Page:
Monday, November 10, 2008

Posturing Bureaucrats Might Undermine Obama

Is there something to it, or is it just a case of bureaucrats posturing before an incoming new presidential administration? If it's bureaucratic posturing, it might inadvertently undermine President-Elect Barack Obama, whose aides say they won't rule out relying on Blackwater. After seeing Blackwater up-close in Afghanistan, Obama said he thinks the company is getting a "bad rap." is reporting that "the State Department's Directorate of Defense Trade Controls, which is responsible for export controls on some arms, is moving to hit [Blackwater] with what could be millions of dollars in fines," allegedly for shipping weapons to U.S. government-sanctioned police training facilities in Iraq and Jordan.

Apparently the paperwork wasn't in order. "Sources said the foul-up may have been unintentional but left the company unable to properly account for the weapons."

The State Department isn't talking for the record, though the company "has partly acknowledged" inquiries, according to the report.

"Ongoing reviews by the departments of Justice, State and Commerce have highlighted the need for a significant and systems-wide initiative," Blackwater General Counsel Andrew Howell said in an Oct. 9 statement. Citing problems with "export compliance," the firm that day announced a new export compliance committee and vice president of export compliance job.

Spokeswoman Anne Tyrell said Blackwater has "not been informed of an intent to impose a fine," but noted the Directorate of Defense Trade Controls' "resolution of export matters with other significant defense contractors" usually results in fines. "The potential fine depends on the regulatory scheme at issue and the facts of the case," she said.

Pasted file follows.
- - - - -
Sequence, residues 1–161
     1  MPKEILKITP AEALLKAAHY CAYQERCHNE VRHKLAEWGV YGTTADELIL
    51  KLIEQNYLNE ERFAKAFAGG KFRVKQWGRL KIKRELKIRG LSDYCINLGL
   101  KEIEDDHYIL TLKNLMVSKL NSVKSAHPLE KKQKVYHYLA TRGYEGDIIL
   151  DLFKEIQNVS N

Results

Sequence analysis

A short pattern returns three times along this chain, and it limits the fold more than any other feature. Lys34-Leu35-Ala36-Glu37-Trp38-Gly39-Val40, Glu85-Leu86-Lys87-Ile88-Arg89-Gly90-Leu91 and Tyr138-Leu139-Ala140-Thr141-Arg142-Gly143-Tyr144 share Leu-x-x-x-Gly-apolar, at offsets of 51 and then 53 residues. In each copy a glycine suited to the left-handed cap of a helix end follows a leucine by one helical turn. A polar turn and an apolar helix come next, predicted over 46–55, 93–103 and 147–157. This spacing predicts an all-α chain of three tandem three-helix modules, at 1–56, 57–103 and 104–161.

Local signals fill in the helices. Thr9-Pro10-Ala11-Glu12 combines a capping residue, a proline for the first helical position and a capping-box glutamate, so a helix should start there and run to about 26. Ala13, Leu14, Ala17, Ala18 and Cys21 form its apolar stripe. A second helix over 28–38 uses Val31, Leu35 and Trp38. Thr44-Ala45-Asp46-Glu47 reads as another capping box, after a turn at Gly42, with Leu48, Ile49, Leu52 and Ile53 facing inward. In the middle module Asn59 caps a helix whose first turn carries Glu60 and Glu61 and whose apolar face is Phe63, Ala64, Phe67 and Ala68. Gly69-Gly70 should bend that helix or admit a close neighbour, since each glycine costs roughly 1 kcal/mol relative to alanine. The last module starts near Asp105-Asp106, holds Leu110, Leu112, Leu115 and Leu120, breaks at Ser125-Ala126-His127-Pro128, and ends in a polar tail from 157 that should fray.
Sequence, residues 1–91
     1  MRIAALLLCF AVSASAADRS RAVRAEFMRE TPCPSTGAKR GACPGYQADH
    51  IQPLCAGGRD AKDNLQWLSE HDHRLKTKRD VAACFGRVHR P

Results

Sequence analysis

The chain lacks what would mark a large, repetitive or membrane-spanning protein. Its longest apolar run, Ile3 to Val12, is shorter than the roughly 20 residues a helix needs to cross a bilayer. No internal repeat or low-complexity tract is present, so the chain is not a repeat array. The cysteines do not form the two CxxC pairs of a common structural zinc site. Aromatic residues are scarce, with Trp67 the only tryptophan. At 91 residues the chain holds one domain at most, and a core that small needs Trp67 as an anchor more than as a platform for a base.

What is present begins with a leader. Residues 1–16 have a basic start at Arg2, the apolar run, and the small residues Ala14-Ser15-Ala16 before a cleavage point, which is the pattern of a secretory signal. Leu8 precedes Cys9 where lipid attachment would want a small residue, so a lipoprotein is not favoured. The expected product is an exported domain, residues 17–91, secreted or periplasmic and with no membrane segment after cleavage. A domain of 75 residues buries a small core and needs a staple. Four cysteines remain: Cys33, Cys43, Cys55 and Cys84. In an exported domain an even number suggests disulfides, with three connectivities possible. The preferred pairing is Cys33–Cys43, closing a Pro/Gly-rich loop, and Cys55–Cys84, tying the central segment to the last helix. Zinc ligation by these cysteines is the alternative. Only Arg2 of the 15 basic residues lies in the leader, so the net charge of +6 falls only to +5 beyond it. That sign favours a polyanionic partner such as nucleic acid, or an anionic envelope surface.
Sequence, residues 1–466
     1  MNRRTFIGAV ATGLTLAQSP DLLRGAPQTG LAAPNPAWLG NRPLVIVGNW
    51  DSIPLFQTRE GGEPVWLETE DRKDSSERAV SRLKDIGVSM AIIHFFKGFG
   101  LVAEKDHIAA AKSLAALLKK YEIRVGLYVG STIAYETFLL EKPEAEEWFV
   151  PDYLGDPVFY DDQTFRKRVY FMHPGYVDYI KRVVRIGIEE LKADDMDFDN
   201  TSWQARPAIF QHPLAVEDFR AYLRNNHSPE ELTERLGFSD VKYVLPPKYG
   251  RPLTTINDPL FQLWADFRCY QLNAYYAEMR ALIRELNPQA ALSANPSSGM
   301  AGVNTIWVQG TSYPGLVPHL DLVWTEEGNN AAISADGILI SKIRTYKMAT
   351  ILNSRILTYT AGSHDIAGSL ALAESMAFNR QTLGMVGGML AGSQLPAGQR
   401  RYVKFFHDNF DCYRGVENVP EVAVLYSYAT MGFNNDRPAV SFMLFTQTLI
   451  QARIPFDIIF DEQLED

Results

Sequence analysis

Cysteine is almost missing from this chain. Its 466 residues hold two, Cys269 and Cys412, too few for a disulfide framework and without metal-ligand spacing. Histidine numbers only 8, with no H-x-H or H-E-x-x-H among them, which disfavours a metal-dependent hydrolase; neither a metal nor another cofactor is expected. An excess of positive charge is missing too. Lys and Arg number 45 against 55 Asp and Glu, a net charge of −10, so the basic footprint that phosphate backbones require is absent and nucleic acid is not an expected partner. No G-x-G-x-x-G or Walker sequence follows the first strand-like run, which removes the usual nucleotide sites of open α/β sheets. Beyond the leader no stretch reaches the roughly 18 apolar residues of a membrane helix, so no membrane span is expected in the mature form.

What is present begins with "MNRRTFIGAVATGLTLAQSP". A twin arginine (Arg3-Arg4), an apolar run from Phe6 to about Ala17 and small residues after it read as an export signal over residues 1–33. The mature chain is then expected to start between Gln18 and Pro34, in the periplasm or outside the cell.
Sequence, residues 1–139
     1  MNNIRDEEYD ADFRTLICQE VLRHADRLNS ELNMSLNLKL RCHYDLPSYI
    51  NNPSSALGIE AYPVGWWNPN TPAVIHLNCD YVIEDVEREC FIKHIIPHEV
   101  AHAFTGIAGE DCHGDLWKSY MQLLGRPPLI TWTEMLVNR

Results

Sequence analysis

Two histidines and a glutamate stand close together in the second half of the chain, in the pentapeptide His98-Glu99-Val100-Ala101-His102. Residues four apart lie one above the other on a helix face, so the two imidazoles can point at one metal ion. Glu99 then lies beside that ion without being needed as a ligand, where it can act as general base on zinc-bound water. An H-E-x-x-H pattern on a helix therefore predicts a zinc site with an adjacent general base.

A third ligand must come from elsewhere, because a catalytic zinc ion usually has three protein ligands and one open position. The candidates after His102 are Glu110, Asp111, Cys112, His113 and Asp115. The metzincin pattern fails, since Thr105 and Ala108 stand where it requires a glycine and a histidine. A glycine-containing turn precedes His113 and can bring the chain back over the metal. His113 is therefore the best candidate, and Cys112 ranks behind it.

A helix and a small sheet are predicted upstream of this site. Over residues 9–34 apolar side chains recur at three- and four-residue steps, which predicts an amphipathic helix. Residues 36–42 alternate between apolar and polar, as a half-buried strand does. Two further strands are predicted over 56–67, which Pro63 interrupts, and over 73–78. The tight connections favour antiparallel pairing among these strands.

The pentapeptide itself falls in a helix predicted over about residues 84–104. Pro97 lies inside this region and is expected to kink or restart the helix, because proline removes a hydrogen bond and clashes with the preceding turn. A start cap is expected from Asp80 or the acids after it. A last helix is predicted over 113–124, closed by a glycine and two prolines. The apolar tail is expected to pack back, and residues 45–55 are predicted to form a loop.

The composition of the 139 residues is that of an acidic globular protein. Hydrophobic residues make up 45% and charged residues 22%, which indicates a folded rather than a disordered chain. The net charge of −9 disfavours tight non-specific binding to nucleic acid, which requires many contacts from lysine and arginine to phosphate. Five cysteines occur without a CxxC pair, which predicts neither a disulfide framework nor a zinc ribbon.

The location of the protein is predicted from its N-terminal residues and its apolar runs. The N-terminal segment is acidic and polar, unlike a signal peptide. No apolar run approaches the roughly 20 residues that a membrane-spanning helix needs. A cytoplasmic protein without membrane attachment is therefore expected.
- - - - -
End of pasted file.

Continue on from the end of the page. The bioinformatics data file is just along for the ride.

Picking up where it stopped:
The company set up an export control panel last month.

Officials would be wise not to read too deeply into many Democrats' longstanding criticisms of the company. Senators John Kerry (D-Mass.) and Jim Webb (D-Va.) say they're OK with Blackwater competing for federal contracts, as long as there's sufficient oversight and accountability. President-Elect Barack Obama has similarly tempered his criticism. Even so, a top Obama aide said earlier this year that the senator would not rule out continuing to retain Blackwater's services. And last July, when he saw Blackwater security professionals up-close during his trip to Afghanistan, Obama admitted that the company was getting unfairly treated.

"Blackwater is getting a bad rap," Obama said. (The photo, on Obama's website, shows the presidential candidate with troops and security during the July trip to Afghanistan.)

Crippling Blackwater with unreasonable fines just might end up hamstringing the new president at a time when he will need everything the company can offer.

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